Tag Archives: self publishing

Kill Them With Kindness

DelTacoGrumpy old Walter came in every day, and every day he ordered the same thing. Del Nachos no tomatoes. He never smiled. Never said think you. Just placed his order, waited for us to call his name and then carried his tray to a table facing outside the store to eat.

Walter didn’t know our names–we didn’t think–but we knew his because calling orders by name was a must.

I loved working at Del Taco, but I Did Not Love grumpy old Walter. I also did not love little kids that made big messes. Or people who came in one minute before close and ordered the whole menu. Or wiping my eyes after chopping jalapenos. Good God that hurt.

Sorry, got sidetracked. Back to Walter…and the kids…and those last minute people out to ruin life as we know it.

Before you could work for Del Taco, you had to train. And training was serious business. You had modules to study and tests to take, and our bosses were intense about those training sessions. To this day I can tell you the history of Del Taco. I can also tell you Del Taco took customer service seriously. Those lessons I learned about kill them with kindness have been life savers over the years. But MAN they were hard to follow through on. At least they were until one day after about six months of Del Nachos with no tomatoes.

Walter shuffled when he walked. And he had silver hair and deep set wrinkles like Walter Matthau in Grumpy Old Men. And he really liked those Del Nachos.

For some reason I set out to make Walter smile. Maybe my friends and I had a bet or something, I’m not sure. I just know I decided to do everything in my power to get him to like me. Pretty soon all of us were doing it.

Walker would walk in and we’d greet him like an old friend. “Walter!” And then we’d yell back “Del Nachos no tomatoes.”

Then that six month day of reckoning.

A mom with multiple children made a mess around the table next to where Walter sat. And by mess, I mean HOLY FREAKING COW, KIDS, did you eat anything or reenact nuclear war?

So I had the sweeper out on the floor when Walter came in and we all yelled Walter like he was our very best friend. By this time Walter had softened a bit. He still didn’t smile, though.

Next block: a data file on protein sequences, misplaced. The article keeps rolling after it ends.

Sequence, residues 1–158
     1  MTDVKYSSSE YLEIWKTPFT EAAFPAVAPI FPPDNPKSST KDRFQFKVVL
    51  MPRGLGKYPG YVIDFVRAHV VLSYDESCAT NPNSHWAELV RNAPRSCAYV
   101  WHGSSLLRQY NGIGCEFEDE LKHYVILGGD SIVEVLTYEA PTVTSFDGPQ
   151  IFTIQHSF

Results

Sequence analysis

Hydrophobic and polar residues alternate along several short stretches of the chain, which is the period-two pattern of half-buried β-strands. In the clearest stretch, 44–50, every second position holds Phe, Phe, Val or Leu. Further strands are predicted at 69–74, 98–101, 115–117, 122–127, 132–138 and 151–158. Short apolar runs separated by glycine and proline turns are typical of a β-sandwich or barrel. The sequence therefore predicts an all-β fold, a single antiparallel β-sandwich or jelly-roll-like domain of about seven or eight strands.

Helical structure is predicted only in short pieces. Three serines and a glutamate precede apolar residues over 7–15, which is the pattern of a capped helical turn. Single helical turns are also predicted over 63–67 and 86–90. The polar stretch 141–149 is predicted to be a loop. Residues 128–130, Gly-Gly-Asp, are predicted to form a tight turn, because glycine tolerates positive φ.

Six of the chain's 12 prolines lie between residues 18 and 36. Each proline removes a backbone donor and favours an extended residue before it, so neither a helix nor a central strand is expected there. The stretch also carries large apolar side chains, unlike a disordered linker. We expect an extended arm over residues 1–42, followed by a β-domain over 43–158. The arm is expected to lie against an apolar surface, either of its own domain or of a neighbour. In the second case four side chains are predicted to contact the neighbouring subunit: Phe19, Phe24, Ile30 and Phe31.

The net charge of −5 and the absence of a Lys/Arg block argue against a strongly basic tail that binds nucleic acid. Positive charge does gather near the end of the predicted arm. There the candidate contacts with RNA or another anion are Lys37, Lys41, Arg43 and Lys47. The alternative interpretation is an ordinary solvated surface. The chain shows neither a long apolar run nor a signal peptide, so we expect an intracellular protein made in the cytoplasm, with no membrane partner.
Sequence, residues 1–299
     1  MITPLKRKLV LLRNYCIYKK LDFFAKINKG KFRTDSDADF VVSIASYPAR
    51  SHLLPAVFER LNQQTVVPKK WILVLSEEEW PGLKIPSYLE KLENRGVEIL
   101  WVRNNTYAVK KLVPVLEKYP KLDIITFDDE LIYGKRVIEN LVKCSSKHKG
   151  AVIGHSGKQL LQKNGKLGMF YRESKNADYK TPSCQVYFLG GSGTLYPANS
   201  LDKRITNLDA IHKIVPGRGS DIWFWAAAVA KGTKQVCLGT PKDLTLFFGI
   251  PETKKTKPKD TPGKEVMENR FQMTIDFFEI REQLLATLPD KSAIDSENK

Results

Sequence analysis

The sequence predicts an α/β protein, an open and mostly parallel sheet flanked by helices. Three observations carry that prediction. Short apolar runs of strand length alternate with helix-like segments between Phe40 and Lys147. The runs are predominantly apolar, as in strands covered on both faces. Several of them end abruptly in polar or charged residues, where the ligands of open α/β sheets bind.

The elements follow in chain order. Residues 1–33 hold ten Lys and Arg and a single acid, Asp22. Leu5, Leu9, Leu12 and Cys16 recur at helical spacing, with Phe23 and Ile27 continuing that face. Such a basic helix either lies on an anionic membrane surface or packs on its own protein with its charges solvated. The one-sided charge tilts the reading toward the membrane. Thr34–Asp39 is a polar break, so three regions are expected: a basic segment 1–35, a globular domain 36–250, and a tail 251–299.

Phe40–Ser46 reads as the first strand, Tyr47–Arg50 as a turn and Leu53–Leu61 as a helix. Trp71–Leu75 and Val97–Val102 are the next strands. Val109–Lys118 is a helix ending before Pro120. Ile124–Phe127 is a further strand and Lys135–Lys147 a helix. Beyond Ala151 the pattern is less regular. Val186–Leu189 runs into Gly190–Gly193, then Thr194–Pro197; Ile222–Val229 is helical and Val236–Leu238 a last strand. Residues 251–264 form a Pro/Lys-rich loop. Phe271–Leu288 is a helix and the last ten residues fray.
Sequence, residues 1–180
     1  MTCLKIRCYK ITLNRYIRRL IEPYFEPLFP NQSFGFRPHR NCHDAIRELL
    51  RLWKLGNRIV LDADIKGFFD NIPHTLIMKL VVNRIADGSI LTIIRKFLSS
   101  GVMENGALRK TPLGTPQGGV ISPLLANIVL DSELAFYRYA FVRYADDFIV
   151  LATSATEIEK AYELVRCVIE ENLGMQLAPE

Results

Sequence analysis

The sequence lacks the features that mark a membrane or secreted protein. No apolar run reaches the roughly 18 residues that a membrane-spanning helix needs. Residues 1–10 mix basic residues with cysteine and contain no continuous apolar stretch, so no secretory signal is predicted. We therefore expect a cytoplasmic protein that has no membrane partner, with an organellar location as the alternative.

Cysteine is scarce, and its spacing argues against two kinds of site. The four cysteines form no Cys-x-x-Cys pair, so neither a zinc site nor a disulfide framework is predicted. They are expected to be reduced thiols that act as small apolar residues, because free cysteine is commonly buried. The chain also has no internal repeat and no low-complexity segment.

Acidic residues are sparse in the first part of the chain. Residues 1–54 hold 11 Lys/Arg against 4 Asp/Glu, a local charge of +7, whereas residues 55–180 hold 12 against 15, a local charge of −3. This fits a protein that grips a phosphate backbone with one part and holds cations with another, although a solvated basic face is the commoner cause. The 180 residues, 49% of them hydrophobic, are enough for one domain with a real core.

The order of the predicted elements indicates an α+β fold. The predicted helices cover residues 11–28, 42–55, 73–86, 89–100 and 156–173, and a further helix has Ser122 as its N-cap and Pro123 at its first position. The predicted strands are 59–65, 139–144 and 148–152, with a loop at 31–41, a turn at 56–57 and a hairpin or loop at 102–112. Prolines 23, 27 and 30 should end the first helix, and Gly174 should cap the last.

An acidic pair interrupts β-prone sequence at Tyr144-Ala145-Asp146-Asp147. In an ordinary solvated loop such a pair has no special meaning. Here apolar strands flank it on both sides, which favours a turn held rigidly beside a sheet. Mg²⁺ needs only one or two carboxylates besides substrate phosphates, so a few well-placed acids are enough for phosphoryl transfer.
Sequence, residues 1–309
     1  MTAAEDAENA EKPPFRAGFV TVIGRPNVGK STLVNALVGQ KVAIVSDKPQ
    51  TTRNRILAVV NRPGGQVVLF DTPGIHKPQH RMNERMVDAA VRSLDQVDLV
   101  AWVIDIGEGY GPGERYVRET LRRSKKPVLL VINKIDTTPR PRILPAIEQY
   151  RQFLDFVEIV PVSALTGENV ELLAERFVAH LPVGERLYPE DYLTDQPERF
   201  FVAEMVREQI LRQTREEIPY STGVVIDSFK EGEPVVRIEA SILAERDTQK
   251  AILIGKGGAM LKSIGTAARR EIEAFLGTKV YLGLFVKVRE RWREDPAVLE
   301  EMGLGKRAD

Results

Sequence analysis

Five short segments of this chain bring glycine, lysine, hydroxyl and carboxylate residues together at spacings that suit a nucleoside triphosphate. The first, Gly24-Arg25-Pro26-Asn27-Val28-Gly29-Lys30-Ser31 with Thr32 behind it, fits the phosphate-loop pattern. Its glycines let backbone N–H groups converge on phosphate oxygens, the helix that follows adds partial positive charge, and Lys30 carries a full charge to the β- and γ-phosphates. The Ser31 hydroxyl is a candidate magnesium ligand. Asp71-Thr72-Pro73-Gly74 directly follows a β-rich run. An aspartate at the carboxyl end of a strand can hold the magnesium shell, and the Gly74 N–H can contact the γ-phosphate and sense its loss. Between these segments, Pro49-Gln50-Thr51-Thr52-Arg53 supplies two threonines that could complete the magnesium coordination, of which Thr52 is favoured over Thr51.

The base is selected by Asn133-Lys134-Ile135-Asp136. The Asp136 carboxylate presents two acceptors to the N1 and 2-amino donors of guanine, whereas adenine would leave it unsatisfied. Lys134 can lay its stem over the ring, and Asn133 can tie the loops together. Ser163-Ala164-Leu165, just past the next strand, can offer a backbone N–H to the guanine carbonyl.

When his order I came up, I grabbed the tray and took it to him and made sure to tell him how happy we were to see him. To be honest it had kind of become true. Somehow in the effort to trick him into smiling, he’d become a character in the daily life at Del Taco. A character I’d miss if he skipped.

Walter took the tray and Then. He. Spoke. He said thank you.

It was incredible.

It was just the start.

Because once Walter started talking, he didn’t stop.

He explained

Why he came to Del Taco every day.

And ordered Del Nachos.

Without tomatoes.

Turned out Walter liked tomatoes. But his wife didn’t. So they ordered their nachos to share, and he sacrificed the tomatoes for her. And when she died, it was like this one thing would bring her back. If only for a moment.

And then he said thank you again. Because every day he came in and we greeted him with smiles even though he knew sometimes he could be surly.

Walter taught me a lot about life that day.

I use Walter in my classes pretty often to tell kids they never know whose life they’re impacting. I was lucky Walter told me. People don’t always tell you, but rest assured, every person you meet could be a Walter. ❤

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Angel Eyes, The Guardian Book 3 released this week. Yay! And Dead Girl Walking, The Guardian Book 1 is free for one more day. Get your kindle copy now.

 

 

 

 

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Release Day Tomorrow!

Angel EyesAngel Eyes, The Guardian Book 3 releases tomorrow on Amazon kindle. The paperback will be available everywhere books are sold soon. I hope readers will enjoy the third installment in the Sharlene Gallagher mystery series.

I’m starting a new book right now, and it’s sooooo hard to get back into the rhythm of writing new pages. I forget that sometimes. I forget that I have to write and write and revise and write and try different music until the perfect combination hits and then I write a draft Fast Draft style. That draft is nowhere near publishable, but it’s a start, a skeleton of the story that will be.

Earlier this week I read a post by a NYT bestseller that said the key to writing isn’t just writing. He’s right. Becoming a writer is about studying words and word craft. But he’s also wrong. I can study the craft all day long, but if I don’t sit down and write, it won’t make a difference.

I do love craft books. Donald Maass’s books are some of my favorites. Gary Provost’s Make Your Words Work is fantastic. The exercises are great for the classroom as well. The Artist’s Way is invaluable to releasing your creative spirit. I worked through The Artist’s Way with friend/colleague/former student Scotty Coppage the summer Sharlene Gallagher showed up on the page one day. The rest is history.